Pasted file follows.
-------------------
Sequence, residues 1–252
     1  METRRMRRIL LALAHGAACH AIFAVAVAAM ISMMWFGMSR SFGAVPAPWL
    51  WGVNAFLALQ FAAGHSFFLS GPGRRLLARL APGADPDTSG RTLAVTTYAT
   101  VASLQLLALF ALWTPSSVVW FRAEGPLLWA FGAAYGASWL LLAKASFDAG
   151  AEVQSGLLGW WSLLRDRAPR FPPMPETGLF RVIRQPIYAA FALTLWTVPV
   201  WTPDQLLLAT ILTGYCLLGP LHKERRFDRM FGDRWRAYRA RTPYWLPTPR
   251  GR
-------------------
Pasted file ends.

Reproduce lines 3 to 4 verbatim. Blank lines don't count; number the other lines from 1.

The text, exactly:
    51  WGVNAFLALQ FAAGHSFFLS GPGRRLLARL APGADPDTSG RTLAVTTYAT
   101  VASLQLLALF ALWTPSSVVW FRAEGPLLWA FGAAYGASWL LLAKASFDAG